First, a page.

Currently, there are approximately 38,000 licensed contracting entities in the State of Arizona with 106 classifications ranging from landscaping and painting to general contracting and carpentry, remodeling and repairs.

The importance of a residential buyer or seller using a licensed contracting professional begins with the assurance that the work will be completed by an individual with the knowledge and experience required to perform the work and ends with their potential access to a restitution fund, known as the Registrar’s Residential Recovery Fund, if the contracted-for work fails to meet professional industry standards.

As one can imagine, Arizona Revised Statutes and Rules related to contracting can intimately relate to the work encountered by Arizona’s licensed real estate agents on a daily basis.

Though certainly not an exhaustive list, the Arizona real estate industry likely comes into contact with work impacted by ROC contracting licensure requirements, including ARS 32-1121(A)(14); ARS 32-1121(A)(5) & (A)(6); ARS 32-1151; and ARS 32-1169.

The term handyman is one many use to generally mean an individual who can fix many, if not all, small projects around the home. In Arizona, however, statute dictates the work allowed to be done by an unlicensed individual acting as a handyman. The so-called “handyman exemption,” is as follows:

§32-1121. Persons not required to be licensed; penalties
A. This chapter shall not be construed to apply to:
14. Any person other than a licensed contractor engaging in any work or operation on one undertaking or project by one or more contracts, for which the aggregate contract price, including labor, materials and all other items, but excluding any electrical fixture or appliance that was designed by the manufacturer, that is unaltered, unchanged or unmodified by any person, that can be plugged into a common household electrical outlet utilizing a two pronged or three pronged electrical connector and that does not use any other form of energy, including natural gas, propane or other petroleum or gaseous fuel, to operate or is attached by a nail, screw or other fastening device to the frame or foundation of any residential structure, is less than one thousand dollars. The work or operations that are exempt under this paragraph shall be of a casual or minor nature. This exemption does not apply:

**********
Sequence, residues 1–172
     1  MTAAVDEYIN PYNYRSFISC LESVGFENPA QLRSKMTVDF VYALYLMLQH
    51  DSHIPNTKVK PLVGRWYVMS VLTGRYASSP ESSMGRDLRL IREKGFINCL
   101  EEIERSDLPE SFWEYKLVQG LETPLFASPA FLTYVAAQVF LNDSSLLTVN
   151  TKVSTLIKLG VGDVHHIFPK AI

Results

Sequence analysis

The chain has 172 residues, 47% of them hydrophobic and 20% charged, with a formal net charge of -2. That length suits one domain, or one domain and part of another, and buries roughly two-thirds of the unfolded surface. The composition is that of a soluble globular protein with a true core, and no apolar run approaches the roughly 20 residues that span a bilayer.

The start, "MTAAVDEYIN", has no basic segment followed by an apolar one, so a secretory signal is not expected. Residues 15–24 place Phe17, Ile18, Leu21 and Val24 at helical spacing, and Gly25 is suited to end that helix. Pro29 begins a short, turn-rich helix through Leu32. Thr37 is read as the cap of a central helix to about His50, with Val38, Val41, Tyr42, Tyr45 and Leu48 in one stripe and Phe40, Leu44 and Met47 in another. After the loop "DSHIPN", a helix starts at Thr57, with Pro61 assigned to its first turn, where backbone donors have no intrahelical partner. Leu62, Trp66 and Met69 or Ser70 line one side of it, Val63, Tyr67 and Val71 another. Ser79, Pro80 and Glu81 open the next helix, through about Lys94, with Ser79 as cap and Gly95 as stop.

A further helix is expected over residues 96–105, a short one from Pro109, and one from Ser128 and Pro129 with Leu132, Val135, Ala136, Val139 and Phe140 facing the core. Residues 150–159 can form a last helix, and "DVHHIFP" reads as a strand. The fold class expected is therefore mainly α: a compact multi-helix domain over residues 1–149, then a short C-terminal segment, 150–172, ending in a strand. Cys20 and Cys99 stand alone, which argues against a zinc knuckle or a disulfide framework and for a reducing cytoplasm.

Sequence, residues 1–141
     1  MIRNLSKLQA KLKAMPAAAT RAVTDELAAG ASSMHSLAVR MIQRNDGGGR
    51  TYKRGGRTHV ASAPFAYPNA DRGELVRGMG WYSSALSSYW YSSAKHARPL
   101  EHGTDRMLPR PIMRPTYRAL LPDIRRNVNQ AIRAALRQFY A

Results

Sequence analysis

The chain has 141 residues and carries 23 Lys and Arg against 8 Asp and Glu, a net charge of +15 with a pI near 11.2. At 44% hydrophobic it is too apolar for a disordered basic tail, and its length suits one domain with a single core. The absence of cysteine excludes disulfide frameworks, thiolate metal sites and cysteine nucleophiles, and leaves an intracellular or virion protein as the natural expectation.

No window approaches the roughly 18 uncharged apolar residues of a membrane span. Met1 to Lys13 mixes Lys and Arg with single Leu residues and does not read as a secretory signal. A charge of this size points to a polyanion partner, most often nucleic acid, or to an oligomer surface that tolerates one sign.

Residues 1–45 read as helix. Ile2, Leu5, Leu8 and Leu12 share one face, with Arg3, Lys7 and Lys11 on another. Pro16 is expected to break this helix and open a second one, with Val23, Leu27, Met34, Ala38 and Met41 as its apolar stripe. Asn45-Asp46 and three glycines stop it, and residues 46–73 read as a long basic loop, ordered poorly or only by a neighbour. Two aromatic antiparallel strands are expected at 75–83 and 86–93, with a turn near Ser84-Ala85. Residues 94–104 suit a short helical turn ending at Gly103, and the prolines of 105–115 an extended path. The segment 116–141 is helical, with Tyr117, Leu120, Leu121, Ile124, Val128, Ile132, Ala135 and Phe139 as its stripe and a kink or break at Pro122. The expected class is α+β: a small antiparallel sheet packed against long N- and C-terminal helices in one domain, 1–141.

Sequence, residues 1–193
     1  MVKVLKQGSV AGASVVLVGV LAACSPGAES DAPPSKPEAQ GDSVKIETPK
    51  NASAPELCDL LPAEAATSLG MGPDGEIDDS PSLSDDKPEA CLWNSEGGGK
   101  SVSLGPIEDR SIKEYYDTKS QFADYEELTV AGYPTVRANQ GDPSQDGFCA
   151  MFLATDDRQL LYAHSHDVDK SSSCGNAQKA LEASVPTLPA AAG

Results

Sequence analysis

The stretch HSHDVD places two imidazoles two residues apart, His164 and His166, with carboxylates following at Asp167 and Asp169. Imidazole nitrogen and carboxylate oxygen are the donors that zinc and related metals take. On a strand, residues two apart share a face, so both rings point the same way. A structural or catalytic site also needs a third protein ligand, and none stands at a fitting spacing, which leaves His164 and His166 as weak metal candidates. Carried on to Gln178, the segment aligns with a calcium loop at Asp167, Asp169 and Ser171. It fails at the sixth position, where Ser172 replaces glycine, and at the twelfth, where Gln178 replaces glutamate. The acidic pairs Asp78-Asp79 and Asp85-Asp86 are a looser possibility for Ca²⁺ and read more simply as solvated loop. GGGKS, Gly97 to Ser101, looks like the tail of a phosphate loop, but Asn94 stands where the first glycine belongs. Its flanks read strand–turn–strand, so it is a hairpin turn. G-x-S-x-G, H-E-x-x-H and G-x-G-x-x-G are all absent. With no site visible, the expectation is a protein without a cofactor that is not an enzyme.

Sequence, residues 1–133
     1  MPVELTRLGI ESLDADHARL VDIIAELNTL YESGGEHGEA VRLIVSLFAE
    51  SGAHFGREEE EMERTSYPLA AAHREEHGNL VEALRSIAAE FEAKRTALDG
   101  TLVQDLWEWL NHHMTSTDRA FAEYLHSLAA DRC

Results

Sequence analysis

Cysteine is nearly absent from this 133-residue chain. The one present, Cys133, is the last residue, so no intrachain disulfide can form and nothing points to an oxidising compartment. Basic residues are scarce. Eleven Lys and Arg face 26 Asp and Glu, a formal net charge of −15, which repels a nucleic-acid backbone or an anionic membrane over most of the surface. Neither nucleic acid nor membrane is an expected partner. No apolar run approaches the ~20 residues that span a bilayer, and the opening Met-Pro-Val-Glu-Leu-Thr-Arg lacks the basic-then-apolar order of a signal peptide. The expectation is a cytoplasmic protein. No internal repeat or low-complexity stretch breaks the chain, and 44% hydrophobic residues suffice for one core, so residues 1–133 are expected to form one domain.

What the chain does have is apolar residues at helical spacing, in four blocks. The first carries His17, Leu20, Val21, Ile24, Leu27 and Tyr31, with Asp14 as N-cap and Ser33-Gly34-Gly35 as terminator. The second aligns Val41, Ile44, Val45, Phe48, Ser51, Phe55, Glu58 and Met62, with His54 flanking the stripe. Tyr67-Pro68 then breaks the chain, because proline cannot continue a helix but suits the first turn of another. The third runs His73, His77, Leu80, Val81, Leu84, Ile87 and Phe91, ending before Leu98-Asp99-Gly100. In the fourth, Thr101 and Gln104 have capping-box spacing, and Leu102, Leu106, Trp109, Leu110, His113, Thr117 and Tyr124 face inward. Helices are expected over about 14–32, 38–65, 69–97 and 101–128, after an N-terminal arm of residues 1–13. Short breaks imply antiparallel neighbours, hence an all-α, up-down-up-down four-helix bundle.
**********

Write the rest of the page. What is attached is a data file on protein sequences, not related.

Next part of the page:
(a) In any case in which the performance of the work requires a local building permit.
(b) In any case in which the work or construction is only a part of a larger or major operation, whether undertaken by the same or a different contractor, or in which a division of the operation is made in contracts of amounts less than one thousand dollars, excluding any electrical fixture or appliance that was designed by the manufacturer, that is unaltered, unchanged or unmodified by any person, that can be plugged into a common household electrical outlet utilizing a two pronged or three pronged electrical connector and that does not use any other form of energy, including natural gas, propane or other petroleum or gaseous fuel, to operate or is attached by a nail, screw or other fastening device to the frame or foundation of any residential structure, for the purpose of evasion of this chapter or otherwise.
(c) To a person who utilizes any form of advertising to the public in which the person’s unlicensed status is not disclosed by including the words “not a licensed contractor” in the advertisement. (emphasis added)

According to the Arizona Republic, more homes were flipped in Maricopa County, AZ than anywhere else in the nation between April 2013 and March 2014. Did you know there are specific licensure and statutory requirements addressing a property owner attempting to sell such property after improving or building structures or appurtenances with the intent to sell. The specific statutes are as follows:

§32-1121. Persons not required to be licensed; penalties
A. This chapter shall not be construed to apply to: